Abyad means white in Arabic, and is a localized Egyptian slang term (used by waiters, etc) for describing how empty Gouna is on any particular night during the long, winter tumbleweed and crickets off-season.

You use the term like this (usually when speaking Arabic):

— did you go to Mood’s?

— Yes, but I didn’t stay long. It was totally abyad.

Nothing could be further from the quotidian zahma (ie, crowded) situation at my villa.

I’m really starting to get sick of these workers who come by here almost every fucking day of the week.

These swarthy characters who show up like clockwork at 8am every morning to water the plants and clean the pool — I can’t take it any more!

It could be worse.

The other day, the gardener and his sidekick showed up at 1PM and proceeded to slowly go about do useless things (like raking sand), all while conversing loudly.

I told them in harsh Arabic to get out and not show up here anymore after 10AM. I really shouldn’t be playing the role of the arrogant effendi with such gusto, but sometimes my poor Google ranking (try typing “Gouna” in the Google search box: you won’t see Leaving Amerika appear for many many pages — I stopped looking after the first four) will put me in a bad mood, and I will invariably instruct — in a pronounced Ugly American tone — any Gouna bus driver not to smoke while driving, which has almost lead to unpleasant confrontations, which is another story for another day, except that my advice to you if you do not care to get cancer from second hand smoke is to avoid any bar or restaurant that offers shishas and tell off the Gouna bus drivers, who smoke while driving, not to, but in English, which they will defer to by tugging on their scraggly beards, as opposed to in Egyptian slang Arabic, which can lead to fisticuffs.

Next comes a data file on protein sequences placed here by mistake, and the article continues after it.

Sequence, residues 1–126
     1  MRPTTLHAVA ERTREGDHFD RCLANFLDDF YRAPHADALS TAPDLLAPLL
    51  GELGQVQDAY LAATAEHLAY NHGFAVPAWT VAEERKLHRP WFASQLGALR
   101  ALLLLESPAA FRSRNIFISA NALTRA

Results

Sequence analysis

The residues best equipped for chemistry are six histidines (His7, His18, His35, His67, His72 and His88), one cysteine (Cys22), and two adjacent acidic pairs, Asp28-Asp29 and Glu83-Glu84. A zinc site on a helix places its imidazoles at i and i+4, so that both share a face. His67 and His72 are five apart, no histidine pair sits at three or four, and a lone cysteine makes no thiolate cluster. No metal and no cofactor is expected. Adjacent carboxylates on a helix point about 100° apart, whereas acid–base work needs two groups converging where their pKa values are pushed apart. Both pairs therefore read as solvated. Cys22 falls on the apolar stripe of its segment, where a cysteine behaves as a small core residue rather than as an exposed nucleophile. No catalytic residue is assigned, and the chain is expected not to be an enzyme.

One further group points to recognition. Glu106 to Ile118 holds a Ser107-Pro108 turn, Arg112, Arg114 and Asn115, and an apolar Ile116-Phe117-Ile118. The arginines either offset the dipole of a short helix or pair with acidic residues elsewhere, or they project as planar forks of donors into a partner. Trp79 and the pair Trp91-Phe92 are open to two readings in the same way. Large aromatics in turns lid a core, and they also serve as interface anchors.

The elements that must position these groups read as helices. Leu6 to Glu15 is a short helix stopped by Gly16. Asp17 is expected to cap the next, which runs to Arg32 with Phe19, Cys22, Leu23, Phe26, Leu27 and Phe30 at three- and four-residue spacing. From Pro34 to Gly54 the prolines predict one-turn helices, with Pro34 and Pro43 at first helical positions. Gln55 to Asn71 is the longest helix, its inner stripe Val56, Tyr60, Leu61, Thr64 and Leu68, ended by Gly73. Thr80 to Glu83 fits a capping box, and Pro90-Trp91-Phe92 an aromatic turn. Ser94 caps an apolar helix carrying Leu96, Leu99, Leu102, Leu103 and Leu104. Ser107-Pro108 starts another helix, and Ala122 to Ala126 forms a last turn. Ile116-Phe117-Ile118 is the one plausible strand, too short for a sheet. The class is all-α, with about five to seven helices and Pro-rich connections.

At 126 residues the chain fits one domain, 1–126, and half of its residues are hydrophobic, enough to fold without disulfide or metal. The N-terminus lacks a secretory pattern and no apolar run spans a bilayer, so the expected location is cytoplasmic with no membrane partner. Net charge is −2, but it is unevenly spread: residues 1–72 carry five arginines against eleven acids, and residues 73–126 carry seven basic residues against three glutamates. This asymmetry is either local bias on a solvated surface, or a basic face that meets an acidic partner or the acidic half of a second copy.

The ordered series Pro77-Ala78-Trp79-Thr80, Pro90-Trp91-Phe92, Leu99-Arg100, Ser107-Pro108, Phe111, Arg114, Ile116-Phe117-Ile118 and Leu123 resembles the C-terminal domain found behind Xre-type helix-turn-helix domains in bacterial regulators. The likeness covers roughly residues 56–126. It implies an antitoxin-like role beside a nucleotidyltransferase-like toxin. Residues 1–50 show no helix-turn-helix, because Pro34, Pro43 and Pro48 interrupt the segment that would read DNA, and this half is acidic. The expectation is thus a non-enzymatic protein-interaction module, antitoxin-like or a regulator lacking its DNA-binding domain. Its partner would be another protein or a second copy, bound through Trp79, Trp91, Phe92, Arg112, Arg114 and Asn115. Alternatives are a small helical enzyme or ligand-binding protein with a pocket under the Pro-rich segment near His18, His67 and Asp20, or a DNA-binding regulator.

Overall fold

Taking out my Google result ranking frustrations on bus drivers is not the only way I make friends in Gouna; why just yesterday, I had to call Gouna security and have them put the kibash on some arrogant mamelukes staying in one of the apartments across the water and blaring Arabico music at 7am. Even after living here for 5 months, I still am not used to the Egyptian fondness for loud noise, which I suspect may be a cover up for subsumed national grief at How Things Really Are.

When you consider that daylight here is very limited — it starts getting dark around 5PM, when suddenly the temperature seems to drop 20 degrees (I am dreading the coming electricity bill for my heater which I have to have on 12 hours a day), and does not get light again till past 6am, then you are talking about living in darkness for 13 hours a day.

Then you have these clowns show up at 8am, in shifts, and hang around for hours doing bullshit makework in the yard.

Now in the scheme of things, such as the sight of the orange pig — the global emblem of paste Capitalism — parachuting in at Davos to continue to make America first among most loathed nations, this is small enough beer, but I am a small potatoes guy, and I fester till I’m abyad in the face at not really having the place to myself till after 10am, which is how long it takes for the weak winter sun to warm up the ice cold Gouna mornings.

In other words, I don’t really don’t get to enjoy the house in private by the pool during the day — which of course I cannot swim in, unless I choose to risk frostbite (it’s not heated, which would probably cost a fortune) — until around 11evenish, or only about 6 hours a day (the wind picks up at 4PM, and it starts getting dark very quickly by 5PM).

Frankly, I could be walking the beach by my house in Florida at 8 in the AM every morning, where the warm sun rises around 7am, without having a bunch of Nubian-looking guys giving me the hairy eyeball every time I step out.

These worker guys are really getting on my nerves.

Why are they so obsessed with this house?  Don’t they have other things to do than bother me with their unwelcome presence and hanging around the street outside watching my every move?

For chrisssakes, where does one have to go in this world to be left completely alone and find peace and quiet?

leaving america